This Research Topic is part of a series. See also Volume I: Emerging and Old Viral Diseases: Antiviral Drug Discovery from Medicinal Plants
In recent years, the world has witnessed the emergence of new viruses and increasing virulence and spread of a number of previously known viruses. It has been estimated that about 219 virus species currently affect humans. Interestingly, with the exception of a few, no effective therapy in the form of drugs or vaccines is available for most viruses. Plants can form a rich source of lead compounds and potential new drugs. There are at least 391,000 plant species known to science and less than 2% have been studied for their potential as new drug sources. Plants contain secondary metabolites which, due to their diverse pharmacological activities, can prove useful in combating emerging and old viral diseases. In fact, natural products in drug discovery have finally caught the attention of scientists, however, more efforts are needed in this area.
The challenge of new drug discovery is best exemplified by COVID-19. While numerous in silico studies have been conducted, none of these compounds has become a clinical lead or at least has become a candidate ready for clinical trials. The same happened with SARS, MERS, and a host of new viruses like Nipah, Hanta, and Zika. Phytochemicals present in Traditional Chinese Medicinal (TCM) plant formulations, and, to a lesser extent, Ayurveda and Unani formulations, have been reported with sucess. However, the outcomes are often focused on the treatment of secondary complications of the viral disease, rather than the virus inhibition.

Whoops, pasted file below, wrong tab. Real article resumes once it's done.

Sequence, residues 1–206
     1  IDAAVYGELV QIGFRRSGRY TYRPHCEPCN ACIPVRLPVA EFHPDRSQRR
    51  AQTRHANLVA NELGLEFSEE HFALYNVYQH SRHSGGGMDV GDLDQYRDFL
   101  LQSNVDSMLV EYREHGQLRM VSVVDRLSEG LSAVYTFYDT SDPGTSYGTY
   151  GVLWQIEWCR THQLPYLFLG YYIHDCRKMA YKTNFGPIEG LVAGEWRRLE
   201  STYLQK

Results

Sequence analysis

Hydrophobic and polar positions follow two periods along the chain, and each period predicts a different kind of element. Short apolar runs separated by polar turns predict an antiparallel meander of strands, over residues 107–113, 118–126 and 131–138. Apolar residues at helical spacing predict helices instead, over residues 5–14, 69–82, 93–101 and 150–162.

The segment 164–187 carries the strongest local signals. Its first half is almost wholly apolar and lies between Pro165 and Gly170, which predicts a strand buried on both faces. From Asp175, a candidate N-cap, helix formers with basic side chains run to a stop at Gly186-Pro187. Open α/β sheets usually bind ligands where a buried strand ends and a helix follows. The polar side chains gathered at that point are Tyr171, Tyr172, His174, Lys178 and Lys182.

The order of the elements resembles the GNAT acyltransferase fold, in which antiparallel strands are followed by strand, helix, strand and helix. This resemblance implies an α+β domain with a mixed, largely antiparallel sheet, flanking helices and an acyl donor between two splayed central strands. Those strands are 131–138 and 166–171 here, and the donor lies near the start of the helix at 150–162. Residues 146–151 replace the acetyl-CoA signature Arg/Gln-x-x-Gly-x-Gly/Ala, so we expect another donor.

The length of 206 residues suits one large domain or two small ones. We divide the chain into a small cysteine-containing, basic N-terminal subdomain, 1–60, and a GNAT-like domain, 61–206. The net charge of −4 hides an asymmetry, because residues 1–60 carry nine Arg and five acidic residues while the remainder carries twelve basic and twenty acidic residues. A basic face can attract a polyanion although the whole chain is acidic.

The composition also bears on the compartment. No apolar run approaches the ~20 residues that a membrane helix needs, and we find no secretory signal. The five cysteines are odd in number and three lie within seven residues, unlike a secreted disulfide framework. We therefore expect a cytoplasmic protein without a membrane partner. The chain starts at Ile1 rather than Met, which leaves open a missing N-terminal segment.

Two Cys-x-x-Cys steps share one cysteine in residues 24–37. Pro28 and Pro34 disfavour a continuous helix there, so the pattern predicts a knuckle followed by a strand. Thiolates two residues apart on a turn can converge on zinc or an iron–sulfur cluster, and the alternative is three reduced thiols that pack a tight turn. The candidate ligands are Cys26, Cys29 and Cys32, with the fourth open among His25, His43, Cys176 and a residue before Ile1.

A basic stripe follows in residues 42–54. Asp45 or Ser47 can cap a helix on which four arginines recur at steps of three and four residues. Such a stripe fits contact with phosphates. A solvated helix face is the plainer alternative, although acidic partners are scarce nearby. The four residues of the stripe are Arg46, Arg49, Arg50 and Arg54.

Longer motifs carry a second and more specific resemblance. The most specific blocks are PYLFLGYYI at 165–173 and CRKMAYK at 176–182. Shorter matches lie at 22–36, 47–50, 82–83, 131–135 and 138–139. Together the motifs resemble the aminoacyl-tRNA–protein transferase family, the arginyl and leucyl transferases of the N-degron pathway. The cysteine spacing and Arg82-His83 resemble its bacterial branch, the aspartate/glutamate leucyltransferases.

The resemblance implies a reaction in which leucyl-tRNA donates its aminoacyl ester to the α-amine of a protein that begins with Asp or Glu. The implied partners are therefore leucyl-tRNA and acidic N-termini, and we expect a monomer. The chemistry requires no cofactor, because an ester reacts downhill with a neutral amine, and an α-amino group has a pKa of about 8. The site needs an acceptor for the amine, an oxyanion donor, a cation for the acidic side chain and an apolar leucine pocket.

The challenge here is to be able to integrate the three approaches: (i) collecting ethno-medicinal information, (ii) performing in silico studies on the phytochemicals of a given plant, together with (iii) executing wet laboratory experiments for viral inhibitory studies. Information on traditional medicines can play a vital role in this type of studies for future discovery of antiviral drugs. Additionally, these approaches will contribute to explore the use of medicinal plants in the treatment of co-existing viral diseases.
In this Research Topic, we would like to focus on the different aspects of drug discovery against emerging and old viral diseases, from the traditional use of plants to the discovery of lead compounds. As such, we welcome articles in the following areas:
• Traditional medicinal uses of plants (ethnobotany, ethnomedicine) against emerging and old viral diseases – a critical appraisal.
• Isolation and identification of secondary metabolites (phytochemicals) from plants and pharmacological activity studies of phytochemicals against viral diseases and associates symptoms.
• Clinical trials involving phytochemicals and herbal formulations, including their safety and efficacy.
• Use of in silico methods combined with experimental work for evaluating a given phytochemical against key viral target proteins or the virus itself.
All the manuscripts submitted to the collection will need to fully comply with the Four Pillars of Best Practice in Ethnopharmacology
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